Review for Independence Day Resurgence 3D
I used to be cursed by the kind of collector’s instinct that meant that I had to have everything associated with a franchise on my shelf, whether it be X-Men the Last Stand, or Beverly Hills Cop 3, or Spider-man 3, or Robocop 3. Basically, avoid three-quels! Years of wasted money on boxsets and re-releases finally educated that bad habit out of me, and I vowed to only spend my money on the actual content that I wanted to watch. I didn’t take pound shops into account when I made that promise. I remember the summer of ’96, and ID4 lighting up the box office. That was an epic action movie that redefined the genre, and consequently I’ve owned it on every format from VHS to Blu-ray, but not laser disc, or UMD, or UHD. Okay, I’ve owned it on a couple of formats. But I paid heed to the reviews of the sequel, confirmed those opinions by watching the thing on TV when it was aired, and settled down to the idea of there being only one Independence Day movie. That didn’t account for me walking into a Poundland and spotting the 3D Blu-ray on a shelf. I’m an idiot. I’m an idiot who now owns Independence Day: Resurgence. Let’s see how bad it is.
For the purposes of this review, I’m watching the 2D Blu-ray disc that comes in the case alongside the 3D one.
In 1996, the aliens came in their massive ships, and laid waste to the cities of the world. It was only through unity, ingenuity and a refusal to surrender that humanity survived. 20 years on, the world has remained united, and with the salvaged alien technology, rebuilt and rearmed, fully expecting a follow up attack. The heroes of 1996 have had mixed fortunes. Steven Hiller died testing a new hybrid fighter, former president Tom Whitmore suffered psychiatric issues following his encounter with the aliens, while Dr Brackish Okun has been in a coma ever since. But David Levinson, who decoded the alien signal and found a way to use it against them, is now the head of the Earth Space Defense Initiative, in charge of preparing for the aliens’ return.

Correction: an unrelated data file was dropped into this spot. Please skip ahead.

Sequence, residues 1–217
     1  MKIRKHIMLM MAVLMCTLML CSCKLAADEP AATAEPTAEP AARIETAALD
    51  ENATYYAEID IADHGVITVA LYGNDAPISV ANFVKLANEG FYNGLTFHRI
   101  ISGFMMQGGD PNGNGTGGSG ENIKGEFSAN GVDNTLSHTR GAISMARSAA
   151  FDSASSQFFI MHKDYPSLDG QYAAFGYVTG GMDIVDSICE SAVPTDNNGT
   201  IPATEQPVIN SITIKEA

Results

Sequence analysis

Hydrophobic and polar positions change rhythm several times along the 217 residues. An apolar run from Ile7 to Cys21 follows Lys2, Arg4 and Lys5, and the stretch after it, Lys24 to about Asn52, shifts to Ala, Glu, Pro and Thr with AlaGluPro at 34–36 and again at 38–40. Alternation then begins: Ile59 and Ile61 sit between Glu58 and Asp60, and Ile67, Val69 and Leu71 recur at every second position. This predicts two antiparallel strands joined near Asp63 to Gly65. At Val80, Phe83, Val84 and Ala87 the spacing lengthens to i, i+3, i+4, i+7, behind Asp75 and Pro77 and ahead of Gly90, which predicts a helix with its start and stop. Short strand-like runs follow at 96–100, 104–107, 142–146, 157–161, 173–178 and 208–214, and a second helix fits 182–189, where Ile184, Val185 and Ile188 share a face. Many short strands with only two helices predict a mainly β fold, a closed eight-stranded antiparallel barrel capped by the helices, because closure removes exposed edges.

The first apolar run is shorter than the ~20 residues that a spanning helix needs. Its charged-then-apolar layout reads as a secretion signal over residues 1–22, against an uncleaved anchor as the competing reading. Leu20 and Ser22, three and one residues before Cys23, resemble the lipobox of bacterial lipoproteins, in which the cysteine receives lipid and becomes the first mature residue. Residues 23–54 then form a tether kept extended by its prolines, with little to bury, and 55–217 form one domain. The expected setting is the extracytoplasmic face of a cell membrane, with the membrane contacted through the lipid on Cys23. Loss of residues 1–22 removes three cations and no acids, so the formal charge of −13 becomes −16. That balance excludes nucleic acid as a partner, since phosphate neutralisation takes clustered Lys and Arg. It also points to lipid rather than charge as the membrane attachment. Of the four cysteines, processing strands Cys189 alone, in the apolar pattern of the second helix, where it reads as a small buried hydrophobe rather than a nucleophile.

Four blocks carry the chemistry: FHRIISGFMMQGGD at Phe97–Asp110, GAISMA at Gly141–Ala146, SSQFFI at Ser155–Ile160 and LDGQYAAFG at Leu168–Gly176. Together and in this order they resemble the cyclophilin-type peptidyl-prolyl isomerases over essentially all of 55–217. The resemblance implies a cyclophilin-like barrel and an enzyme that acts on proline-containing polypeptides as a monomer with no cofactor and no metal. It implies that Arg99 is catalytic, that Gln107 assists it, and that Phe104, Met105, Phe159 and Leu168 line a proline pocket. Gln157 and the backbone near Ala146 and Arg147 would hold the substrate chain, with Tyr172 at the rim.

In 2016, the world is celebrating the 20th anniversary of its salvation, when a portal opens up near the moon, yielding an alien vessel. The moon base is ready, and shoots the ship down. Only they’ve shot the wrong ship. The real enemy isn’t far behind and they are far bigger and far more powerful than anything seen in 1996. And while Earth has been preparing, so have the aliens...
We can get the basics out of the way. The 2.39:1 widescreen 1080p transfer is pixel perfect and impeccable, and they went to town with the CG aliens and spaceships. Audio is present in a thunderous DTS-HD MA 7.1 Surround English track, and you also get Dolby Digital 5.1 Surround English Audio Descriptive, Spanish, French, Turkish, Portuguese, and Ukrainian, as well as DTS 5.1 Russian with subtitles in these languages plus Lithuanian, Latvian, Korean, Icelandic, Hebrew, Estonian, Danish, Dutch, Finnish, Norwegian, Swedish, and Arabic.
This movie apparently cost $170 million. What the hell did they spend it on? It’s obvious from watching it, but the Gag Reel confirms it. Aside from a couple of scenes, the whole thing was shot against green screen, even the most innocuous and simple of scenes where you’d think it would be more cost-effective to shoot for real, can look composited in post. That coupled with the digital filmography, the absence of the kind of model work and practical effects that shone in the original film, makes the sequel look like a video game. It may be the best looking and most detailed, glitch free video game you have ever seen, but it certainly doesn’t look like a movie.